negative consequentialism: the universe would be better if present generations were guided by a criterion of right action that requires them to give priority to the prevention of suffering over the creation of good and happiness
What do you think?
b) The future generations argument tends to work with a long-term indirect inter-generational time-line and typically does not involve individually attributable acts, the affected, and the Q of responsibility but rather,
(qua 'Global' ethics) the moral situation of an anticipated, if not anticipatable, humanity-wide situation.
The classic example is of course, the environment and climate change.
Is it right to benefit our society...knowing that if pollution etc., keeps on as now, all other things being equal (ceteris paribus), it will dis-benefit the world of humans say, 100 years from now.
But if I have a linear model of increasing pollution, why not also have a model of linear techno power that will compensatingly reduce the pollution that our society today is producing
the pattern of individual rights (a decent political culture to maximise FG individuals to flourish)
the justification of genocide...cos too many humans using up the resources that otherwise could sustain FGs
So is mass genocide a good thing in terms of OFGs?
"those presently alive can affect the very existence of future people (whether or not future people will exist), the number of future people (how many future people will exist), and the identity of future people (who will exist). In short: future people’s existence, number, and specific identity depend (are contingent) upon currently living people’s decisions and actions"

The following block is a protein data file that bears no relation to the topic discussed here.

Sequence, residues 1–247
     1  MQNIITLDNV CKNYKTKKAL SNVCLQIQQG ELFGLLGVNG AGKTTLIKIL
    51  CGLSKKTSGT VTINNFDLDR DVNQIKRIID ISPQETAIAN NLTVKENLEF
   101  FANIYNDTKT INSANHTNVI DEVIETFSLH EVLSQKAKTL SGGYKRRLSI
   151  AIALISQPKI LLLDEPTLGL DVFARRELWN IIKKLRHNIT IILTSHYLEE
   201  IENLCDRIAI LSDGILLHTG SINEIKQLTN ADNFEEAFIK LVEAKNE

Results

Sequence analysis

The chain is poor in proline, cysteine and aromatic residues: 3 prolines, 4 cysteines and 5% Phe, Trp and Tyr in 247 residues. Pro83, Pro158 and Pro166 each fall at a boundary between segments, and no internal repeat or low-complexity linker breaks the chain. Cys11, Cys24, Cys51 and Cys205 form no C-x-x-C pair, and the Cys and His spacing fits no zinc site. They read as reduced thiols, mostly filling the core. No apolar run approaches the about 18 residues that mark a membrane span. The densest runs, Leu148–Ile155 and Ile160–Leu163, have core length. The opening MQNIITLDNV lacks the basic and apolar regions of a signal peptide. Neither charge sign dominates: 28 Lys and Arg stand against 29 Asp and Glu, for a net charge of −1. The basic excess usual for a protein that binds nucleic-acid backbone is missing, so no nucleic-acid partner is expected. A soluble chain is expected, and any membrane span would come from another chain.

Do parents have obligations to bring about the best (circumstances for the) child?
And of course on a rights claims basis
...is it right that a person born now has a claim against the adult society for the future damage they, ceteris paribus, are doing now?
The power of ceteris paribus clauses
These relate to time and change.
When we reason about
without this, our consequent moral judgments will become unstable and moreover, unwarranted.
The should have known arg and time.
established knowledge said diesel was better than
But we plan for FGs on the basis of ignorance about how things will be 100 years from now? (and see quote below - how true is it that the further future is less anticipatable than the near future?)
It is not that all predictions about the future decrease in certainty at some constant rate. Indeed, many predictions are more likely to be true concerning the further future than the more immediate future. For example, the prediction that some policy will have changed or that certain resources will have been exhausted is more likely to be true in the further future. Nonetheless, we cannot know the specific identities of persons in the further future. Our lack of certain knowledge of the future also means that we often will be in a position to know at best merely the likelihood of normatively relevant consequences of alternative long-term policies. The question then is how to assess the imposition of differing risks of rights violations
For instance: we are spending billions on securing future generations against pollution
and then suddenly someone invents a universal indestructible de-polluting machine (the UIDPM)
The appearance of this machine was not anticipated - in that sense it was a non-linear event that made our expensive climate change policies redundant.
We then end up claiming that in regard of climate
change we have no
Another influential attack on
Parfit (1971; 1984; 2007) asks:
"we must know the criterion of personal identity: the relation between a person at one time, and a person at another time, which makes these one and the same person"
But if there is no
bodily continuity, then might I have an
Is a self at T1 comprised is varying but continuous contingent psychological states through to T2 deserving of any OFG